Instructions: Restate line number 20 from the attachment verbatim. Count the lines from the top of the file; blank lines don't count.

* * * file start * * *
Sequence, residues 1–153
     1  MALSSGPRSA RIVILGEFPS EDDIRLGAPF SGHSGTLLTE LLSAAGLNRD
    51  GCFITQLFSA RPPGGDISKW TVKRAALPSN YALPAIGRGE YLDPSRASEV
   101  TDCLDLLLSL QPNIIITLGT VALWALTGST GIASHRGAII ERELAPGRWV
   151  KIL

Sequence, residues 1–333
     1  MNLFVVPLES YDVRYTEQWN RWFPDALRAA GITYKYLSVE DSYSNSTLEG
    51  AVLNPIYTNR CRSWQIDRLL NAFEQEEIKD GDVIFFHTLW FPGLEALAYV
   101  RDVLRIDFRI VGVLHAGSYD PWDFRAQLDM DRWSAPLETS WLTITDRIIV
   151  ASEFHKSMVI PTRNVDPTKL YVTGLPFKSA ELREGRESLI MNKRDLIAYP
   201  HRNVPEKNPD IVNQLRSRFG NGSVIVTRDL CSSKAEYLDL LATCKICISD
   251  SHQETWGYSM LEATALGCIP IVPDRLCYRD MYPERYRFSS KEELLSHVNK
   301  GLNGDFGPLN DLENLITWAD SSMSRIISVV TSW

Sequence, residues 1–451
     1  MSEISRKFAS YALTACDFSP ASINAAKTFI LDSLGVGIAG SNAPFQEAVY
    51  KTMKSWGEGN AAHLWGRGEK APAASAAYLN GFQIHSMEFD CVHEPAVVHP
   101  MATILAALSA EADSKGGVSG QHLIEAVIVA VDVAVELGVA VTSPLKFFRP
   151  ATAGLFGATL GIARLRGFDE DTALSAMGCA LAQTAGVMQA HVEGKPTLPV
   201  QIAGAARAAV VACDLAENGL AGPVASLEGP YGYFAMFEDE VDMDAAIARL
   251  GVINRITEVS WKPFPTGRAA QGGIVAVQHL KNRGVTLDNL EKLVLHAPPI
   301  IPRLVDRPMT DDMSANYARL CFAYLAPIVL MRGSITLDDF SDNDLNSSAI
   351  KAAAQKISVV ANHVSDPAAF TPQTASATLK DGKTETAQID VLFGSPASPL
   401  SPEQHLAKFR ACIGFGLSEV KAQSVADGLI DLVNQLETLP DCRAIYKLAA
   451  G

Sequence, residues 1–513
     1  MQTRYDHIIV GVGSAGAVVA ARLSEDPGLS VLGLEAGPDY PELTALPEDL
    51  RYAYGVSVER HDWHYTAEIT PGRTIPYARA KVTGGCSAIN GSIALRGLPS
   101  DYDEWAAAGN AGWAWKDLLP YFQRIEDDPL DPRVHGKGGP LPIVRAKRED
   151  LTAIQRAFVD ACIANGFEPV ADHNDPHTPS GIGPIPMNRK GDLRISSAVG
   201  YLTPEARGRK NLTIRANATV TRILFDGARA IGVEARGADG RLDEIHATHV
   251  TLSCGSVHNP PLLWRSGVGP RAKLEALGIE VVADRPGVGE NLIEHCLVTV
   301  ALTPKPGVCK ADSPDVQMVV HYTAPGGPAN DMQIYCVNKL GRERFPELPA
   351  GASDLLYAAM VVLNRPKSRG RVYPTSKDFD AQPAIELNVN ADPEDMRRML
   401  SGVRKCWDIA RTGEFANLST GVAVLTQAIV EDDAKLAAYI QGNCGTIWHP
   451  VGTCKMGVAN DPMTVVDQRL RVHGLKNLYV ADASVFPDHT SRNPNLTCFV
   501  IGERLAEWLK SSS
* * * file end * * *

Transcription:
   251  GVINRITEVS WKPFPTGRAA QGGIVAVQHL KNRGVTLDNL EKLVLHAPPI